The British North America ActBritish North America Act,
law passed by the British Parliament in 1867 that provided for the unification of the Canadian provinces into the dominion of Canada. Until 1982 the act also functioned as the constitution of Canada.
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 of 1867 inaugurated a pattern of devolution followed in most of the European-settled colonies by which Parliament gradually surrendered its direct governing powers; thus Australia and New Zealand followed Canada in becoming self-governing dominions. On the other hand, the British assumed greater responsibility in Africa and in India, where the Indian MutinyIndian Mutiny,
1857–58, revolt that began with Indian soldiers in the Bengal army of the British East India Company but developed into a widespread uprising against British rule in India. It is also known as the Sepoy Rebellion, sepoys being the native soldiers.
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 had resulted (1858) in the final transfer of power from the East India Company to the British government. To govern territories with large indigenous populations, the crown colony system was developed. Such colonies, of which one of the most enduring was Hong Kong, were ruled by a British governor and consultative councils composed primarily of the governor's nominees; these, in turn, often delegated considerable powers of local government to local rulers.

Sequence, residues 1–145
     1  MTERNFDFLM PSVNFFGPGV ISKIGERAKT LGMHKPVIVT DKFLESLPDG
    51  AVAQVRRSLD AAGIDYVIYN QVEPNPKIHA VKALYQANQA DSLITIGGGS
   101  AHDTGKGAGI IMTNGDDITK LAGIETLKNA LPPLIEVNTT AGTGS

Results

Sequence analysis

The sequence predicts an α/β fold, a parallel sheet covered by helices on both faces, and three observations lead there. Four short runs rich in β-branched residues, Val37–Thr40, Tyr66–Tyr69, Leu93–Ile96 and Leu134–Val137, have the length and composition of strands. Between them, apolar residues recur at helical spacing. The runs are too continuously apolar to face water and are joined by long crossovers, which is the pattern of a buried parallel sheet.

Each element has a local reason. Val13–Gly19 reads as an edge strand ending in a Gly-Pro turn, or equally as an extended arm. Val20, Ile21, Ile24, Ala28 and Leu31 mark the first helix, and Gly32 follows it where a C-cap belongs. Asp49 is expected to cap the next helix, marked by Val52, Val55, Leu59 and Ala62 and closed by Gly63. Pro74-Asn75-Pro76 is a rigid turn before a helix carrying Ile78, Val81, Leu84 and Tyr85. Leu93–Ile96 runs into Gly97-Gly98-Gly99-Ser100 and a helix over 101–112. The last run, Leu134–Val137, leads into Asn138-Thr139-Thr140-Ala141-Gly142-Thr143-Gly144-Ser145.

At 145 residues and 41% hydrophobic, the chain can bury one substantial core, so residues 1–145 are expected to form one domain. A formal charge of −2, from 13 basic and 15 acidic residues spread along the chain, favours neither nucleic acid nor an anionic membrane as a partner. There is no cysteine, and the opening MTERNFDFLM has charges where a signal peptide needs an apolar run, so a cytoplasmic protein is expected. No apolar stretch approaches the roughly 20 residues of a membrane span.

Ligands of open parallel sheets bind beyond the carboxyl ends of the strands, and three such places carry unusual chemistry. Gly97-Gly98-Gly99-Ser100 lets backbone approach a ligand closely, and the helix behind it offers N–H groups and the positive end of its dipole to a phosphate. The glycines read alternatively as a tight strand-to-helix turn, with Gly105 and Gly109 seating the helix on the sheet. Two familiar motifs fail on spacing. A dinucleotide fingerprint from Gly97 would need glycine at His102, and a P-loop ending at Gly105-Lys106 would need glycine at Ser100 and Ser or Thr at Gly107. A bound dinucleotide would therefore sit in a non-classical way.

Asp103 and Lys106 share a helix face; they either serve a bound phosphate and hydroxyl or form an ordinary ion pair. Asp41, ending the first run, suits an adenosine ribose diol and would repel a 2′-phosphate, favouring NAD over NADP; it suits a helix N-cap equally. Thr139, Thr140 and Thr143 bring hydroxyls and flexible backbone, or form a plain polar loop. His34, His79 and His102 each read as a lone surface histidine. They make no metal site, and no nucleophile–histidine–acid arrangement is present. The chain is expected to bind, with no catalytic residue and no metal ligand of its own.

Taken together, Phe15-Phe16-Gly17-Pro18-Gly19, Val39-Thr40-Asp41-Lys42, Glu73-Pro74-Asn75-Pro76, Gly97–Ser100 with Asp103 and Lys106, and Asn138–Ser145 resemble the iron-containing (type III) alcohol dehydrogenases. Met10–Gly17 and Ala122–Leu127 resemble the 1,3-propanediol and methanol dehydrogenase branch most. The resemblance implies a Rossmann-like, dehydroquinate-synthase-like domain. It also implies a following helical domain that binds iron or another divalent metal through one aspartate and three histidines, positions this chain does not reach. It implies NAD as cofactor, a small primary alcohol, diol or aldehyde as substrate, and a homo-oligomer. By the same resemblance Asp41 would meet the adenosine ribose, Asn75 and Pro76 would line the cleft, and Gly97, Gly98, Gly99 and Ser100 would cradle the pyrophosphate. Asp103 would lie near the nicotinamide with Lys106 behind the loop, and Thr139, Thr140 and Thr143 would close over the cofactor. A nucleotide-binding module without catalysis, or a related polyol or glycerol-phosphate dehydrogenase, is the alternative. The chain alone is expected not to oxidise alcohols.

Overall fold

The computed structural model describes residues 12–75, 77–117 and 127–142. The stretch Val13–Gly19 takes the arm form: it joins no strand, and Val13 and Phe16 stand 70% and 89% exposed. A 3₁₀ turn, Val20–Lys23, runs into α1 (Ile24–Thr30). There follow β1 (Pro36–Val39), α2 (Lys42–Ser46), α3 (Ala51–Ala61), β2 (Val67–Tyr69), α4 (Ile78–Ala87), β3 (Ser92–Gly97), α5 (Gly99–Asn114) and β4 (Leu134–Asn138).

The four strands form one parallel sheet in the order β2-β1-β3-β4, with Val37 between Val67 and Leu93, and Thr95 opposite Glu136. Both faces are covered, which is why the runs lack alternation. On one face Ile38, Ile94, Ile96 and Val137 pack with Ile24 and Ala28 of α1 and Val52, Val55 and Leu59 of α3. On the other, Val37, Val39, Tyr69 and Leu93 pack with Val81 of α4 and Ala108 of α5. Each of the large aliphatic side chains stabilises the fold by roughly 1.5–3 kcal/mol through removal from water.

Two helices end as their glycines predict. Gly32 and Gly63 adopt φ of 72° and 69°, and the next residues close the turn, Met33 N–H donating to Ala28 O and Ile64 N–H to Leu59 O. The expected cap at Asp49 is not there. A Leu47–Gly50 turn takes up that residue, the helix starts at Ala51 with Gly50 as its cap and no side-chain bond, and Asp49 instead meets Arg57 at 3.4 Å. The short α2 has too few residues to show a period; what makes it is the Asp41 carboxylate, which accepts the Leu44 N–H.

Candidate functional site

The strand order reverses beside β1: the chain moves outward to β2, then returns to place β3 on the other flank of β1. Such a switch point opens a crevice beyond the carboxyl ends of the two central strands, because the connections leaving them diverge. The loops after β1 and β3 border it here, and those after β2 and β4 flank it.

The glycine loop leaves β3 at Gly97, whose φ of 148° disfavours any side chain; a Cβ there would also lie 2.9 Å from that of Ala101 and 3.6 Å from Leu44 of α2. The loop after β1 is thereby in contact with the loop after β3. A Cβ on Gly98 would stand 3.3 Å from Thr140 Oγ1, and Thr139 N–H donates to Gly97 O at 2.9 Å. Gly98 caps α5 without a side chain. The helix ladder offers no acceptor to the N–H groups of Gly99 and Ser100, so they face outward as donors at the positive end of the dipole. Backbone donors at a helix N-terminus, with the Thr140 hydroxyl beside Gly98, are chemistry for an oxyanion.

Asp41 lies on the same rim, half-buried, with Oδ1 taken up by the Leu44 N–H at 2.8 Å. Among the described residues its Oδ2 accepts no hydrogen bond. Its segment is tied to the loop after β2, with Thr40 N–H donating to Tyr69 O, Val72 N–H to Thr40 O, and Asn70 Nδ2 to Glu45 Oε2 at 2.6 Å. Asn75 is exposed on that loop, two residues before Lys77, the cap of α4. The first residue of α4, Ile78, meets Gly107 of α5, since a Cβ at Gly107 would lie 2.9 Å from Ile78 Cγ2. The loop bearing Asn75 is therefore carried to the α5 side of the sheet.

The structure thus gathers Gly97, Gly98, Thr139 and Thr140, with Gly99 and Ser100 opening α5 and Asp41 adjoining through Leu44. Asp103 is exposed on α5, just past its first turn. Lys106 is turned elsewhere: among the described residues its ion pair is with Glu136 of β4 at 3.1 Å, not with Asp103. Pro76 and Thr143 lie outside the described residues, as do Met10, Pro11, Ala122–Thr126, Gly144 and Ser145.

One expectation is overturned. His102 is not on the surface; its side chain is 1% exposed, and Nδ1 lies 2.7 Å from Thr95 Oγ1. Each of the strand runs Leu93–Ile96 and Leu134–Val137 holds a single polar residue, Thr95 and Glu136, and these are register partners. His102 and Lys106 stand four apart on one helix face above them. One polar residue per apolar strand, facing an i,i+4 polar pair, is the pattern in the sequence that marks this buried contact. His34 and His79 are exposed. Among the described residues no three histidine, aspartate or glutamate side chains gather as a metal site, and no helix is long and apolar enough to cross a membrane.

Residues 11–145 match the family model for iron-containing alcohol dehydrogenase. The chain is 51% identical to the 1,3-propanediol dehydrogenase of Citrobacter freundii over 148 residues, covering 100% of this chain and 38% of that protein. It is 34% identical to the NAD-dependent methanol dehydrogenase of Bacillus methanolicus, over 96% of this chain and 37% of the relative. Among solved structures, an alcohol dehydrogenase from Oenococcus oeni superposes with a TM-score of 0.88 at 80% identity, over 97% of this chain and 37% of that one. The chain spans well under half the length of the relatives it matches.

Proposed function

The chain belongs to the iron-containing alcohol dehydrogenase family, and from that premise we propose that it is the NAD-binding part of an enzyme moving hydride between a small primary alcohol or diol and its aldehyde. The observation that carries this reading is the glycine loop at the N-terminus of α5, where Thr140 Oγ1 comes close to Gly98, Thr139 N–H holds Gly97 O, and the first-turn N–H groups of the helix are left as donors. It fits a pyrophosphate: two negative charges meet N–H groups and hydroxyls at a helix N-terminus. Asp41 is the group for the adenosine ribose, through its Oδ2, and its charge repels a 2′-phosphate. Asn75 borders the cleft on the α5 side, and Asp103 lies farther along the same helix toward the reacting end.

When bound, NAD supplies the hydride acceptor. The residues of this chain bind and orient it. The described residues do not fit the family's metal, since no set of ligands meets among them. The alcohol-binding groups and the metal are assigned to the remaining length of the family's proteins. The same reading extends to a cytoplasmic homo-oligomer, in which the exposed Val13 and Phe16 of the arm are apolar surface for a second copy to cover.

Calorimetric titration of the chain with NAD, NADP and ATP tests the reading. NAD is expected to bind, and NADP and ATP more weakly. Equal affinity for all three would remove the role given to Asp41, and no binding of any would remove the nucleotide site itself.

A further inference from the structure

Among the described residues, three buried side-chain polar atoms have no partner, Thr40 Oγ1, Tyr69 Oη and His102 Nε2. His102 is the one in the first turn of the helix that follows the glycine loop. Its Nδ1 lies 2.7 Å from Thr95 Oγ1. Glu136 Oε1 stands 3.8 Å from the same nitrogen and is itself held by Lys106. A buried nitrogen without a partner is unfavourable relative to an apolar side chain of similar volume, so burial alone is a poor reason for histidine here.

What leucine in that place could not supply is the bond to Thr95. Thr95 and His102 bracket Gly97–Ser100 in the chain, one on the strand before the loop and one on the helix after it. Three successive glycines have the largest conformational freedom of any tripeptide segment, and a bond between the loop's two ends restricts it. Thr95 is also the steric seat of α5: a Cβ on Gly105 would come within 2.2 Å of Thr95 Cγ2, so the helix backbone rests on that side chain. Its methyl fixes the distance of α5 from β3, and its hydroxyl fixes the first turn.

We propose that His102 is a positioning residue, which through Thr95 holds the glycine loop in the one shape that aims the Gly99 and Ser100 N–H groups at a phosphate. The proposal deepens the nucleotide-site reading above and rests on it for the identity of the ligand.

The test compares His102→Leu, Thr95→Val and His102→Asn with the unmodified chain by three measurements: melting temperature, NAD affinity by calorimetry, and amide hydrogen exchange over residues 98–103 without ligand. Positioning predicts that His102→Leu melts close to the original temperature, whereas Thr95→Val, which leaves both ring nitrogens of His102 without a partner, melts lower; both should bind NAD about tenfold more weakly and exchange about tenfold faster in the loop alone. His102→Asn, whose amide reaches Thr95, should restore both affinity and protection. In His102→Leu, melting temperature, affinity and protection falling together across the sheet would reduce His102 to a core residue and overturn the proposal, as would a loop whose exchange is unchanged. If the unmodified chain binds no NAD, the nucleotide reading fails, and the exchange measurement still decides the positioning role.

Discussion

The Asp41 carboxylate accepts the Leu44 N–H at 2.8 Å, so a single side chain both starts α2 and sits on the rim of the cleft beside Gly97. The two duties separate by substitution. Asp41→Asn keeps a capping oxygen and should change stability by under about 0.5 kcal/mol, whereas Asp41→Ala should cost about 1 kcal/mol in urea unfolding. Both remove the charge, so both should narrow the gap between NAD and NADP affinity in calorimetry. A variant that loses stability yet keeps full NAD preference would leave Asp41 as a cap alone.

In the later decades of the 19th cent. there occurred a revival of European competition for empire in which the British acquired or consolidated vast holdings in Africa—such as Nigeria, the Gold Coast (later Ghana), Rhodesia (Zambia and Zimbabwe), South Africa, and Egypt—and in Asia—such as Burma (Myanmar) and Malaya. The size and wealth of the empire and the anxieties produced by European colonial competition stimulated a desire for imperial solidarity. The Imperial ConferenceImperial Conference,
assembly of representatives of the self-governing members of the British Empire, held about every four years until World War II. The meetings prior to 1911—in 1887, 1897, 1902, and 1907—were known as Colonial Conferences, and were chiefly
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, begun in 1887, represented an attempt to strengthen Britain's ties with those colonies that had become self-governing territories.

From Empire to Commonwealth

World War I brought the British Empire to the peak of its expansion, but in the years that followed came its decline. Victory added, under the system of mandatesmandates,